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Album Review: Slipknot - 'We Are Not Your Kind'

10 August 2019 | 5:36 pm | Alex Sievers
Originally Appeared In

The Knot return with force.

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Bleak and unhinged, spilling it's tormented guts everywhere. Full of ferocious riffs and gruesome heaviness. Immensely aggressive and pissed-off, defining a generation of heavy music. Pitch black in tone and sickening in composition. An instant classic, through and through. Okay, now that I'm done describing Slipknot's 1999 self-titled album - a hectic, brutal nu-metal release that holds up well now and which turned 20 this year - let's talk about The Nine's newly released album, 'We Are Not Your Kind.'

For in a weird, ironic way, 'We Are Not Your Kind,' is best defined by a line from 'All Out Life' - their 2018 single whose lyrics foreshadowed the title of this sixth LP - which reads: "new does not mean best." However, by that very same token, new doesn't also mean 'bad' or even 'average', as Slipknot avoid out-right disaster and even mediocrity on their strong returning effort.

At this point, a new Slipknot record is an event in of itself. Next to Tool's new album and maybe that next Korn record, it's not at all hyperbole to say that this is the most anticipated metal album of 2019. Ever since the five year gap between the solid 'Vol. 3: The Subliminal Verses' (2003) and the often unfairly dismissed 'All Hope Is Gone' (2008), it was six years from the latter until '.5: The Gray Chapter' arrived. And now it's been another five years to get right here with 'We Are Not Your Kind.' Slipknot sure as shit ain't dropping new records every two to three years just to complete their recording contract, and that makes each new release it's own thing, for better or worse.

Each of their other five albums are monstrous reflections of where the band was at in their professional career and personal lives, and 'We Are Not Your Kind' is no different. A divorce in the life of Corey Taylor, a current American societal and political landscape that the band disagree with and lament, various line-up changes and recent band dramas - the list of varying degrees of tumult goes on and on for this Iowa metal act, despite them no longer in-fighting at recording sessions. And the music here reflects that in a compelling way. Slipknot are at their healthiest as a unit lately, so this album reflects Slipknot in good health, even with the band's enigmatic frontman pouring so much of his soul out into the twisted, demented thoughts that this record shares.

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'We Are Not Your Kind' could best be described as a Slipknot record. As it is very on-brand for Slipknot, following right on from the production and sound of 'The Gray Chapter' as one may expect. To the point where I could've just listed the genre as "Slipknot" and that would've sufficed. So while that's all true about this album, it's not lacking in purpose or drive; it's as heavy as it needs to be and is as disgusting as loyal fans would hope for; and while at times familiar, it has a few little surprises here and there too. As Slipknot really are pulling from many different eras of their past career here. There's the rapid-fire nu-metal yelling, hyper-angst, samples and vinyl scratching that wouldn't have gone amiss two decades ago. There's the primal 'Iowa'-esque riffs and equal levels of derangement and heaviness present. And there's the big choruses and triplet percussive layering that's straight out of the 'Vol. 3:' handbook - 'Nero Forte' defines all of this the greatest.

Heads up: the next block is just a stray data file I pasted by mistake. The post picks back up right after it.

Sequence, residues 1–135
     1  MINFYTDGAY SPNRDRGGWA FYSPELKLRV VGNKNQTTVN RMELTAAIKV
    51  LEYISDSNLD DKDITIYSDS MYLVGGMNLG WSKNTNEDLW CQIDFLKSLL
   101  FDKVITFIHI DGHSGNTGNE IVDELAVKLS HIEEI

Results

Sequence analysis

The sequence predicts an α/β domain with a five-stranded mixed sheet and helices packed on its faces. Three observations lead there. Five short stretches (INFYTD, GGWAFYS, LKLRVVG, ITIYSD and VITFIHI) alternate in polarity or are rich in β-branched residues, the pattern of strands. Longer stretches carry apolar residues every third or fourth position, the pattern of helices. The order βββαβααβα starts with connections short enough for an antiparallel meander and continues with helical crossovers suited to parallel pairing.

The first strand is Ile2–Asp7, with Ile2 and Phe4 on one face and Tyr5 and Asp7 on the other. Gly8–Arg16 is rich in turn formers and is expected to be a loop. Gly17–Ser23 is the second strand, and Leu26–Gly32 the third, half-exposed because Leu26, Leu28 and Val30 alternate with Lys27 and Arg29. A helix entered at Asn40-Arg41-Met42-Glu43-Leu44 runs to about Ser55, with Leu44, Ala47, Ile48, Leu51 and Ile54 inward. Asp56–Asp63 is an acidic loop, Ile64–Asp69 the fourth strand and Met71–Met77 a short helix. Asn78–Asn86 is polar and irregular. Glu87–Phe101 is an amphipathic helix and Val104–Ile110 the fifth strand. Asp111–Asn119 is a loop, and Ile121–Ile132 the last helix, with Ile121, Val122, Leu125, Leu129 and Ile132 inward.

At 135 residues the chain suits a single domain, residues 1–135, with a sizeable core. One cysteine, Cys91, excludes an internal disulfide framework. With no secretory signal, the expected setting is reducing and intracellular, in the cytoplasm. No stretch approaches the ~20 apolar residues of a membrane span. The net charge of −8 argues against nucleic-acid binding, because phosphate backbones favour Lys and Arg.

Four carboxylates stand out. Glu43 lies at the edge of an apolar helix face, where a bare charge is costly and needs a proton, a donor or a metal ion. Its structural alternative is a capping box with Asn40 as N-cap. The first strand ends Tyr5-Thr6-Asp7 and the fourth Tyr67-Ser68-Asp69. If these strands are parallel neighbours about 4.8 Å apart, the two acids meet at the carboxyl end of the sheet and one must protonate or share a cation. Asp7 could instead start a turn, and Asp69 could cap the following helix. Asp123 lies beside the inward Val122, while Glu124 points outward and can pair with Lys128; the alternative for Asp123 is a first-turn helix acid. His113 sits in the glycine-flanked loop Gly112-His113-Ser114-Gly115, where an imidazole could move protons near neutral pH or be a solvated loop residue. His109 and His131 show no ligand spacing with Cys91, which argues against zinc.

However, that's not to say that that's under-handed or anything of the sort. In fact, sometimes when Slipknot are playing up their tropes is when we get some awesome moments. For instance, 'Orphan' attacks with machine-gun firing double kicks, blasting cymbals, fast riffage, and one of the more tolerable, bouncy choruses found on the entire record. All as Corey Taylor loudly proclaims about the lonely hill that he will fight to the death upon. Elsewhere, 'Red Flag' slits your throat and fucks the wound raw with vile riffs, urgent electronics, brisk tempos, pinging snare work and hefty grooves, all as the band's Big Mouth unloads like a man who's lost it all being utterly possessed. Both are great songs, and while they're typical Slipknot through and through, it's proof that there's more than enough gas in the tank in this band's sound to this day.

This is a record where the focal parts fall on the shoulders of Corey, show-stealing drummer Jay Weinberg and the subtle-but-heavy lifting sample and electronic work of Sid Wilson and Craig Jones. As it's the weirder, darker, and more "experimental" moments that are where 'We Are Not Your Kind' shines brightest. The blast beats and breakdown on 'Unsainted' are savage, but the intro's choral section was a great touch of grandeur and something different. 'Insert Coin' is the album's short-lived intro piece that highlights the demented sonic vision that Sid and Craig bring to the band.

'A Liar's Funeral' switches between the fluttering intimacy and quiet acoustic beauty that Slipknot have drifted into since 'Vol 3.', but it merges it with a violent, brooding sound at certain intervals for an insane contrast before it explodes into pain and classic, weighty Slipknot aggression. It's caught between two worlds, between two different sounds of Slipknot, but it works well. 'Spiders' sounds like dread, like spiders crawling underneath your skin. What with it's spindling pianos, grumbling bass, repeated drum loops, and Corey's lyrical imagery of spiders marching, all building at a perfect pace as a wailing solo screeches and squelchy synths roam free. It's a Slipknot nightmare made real.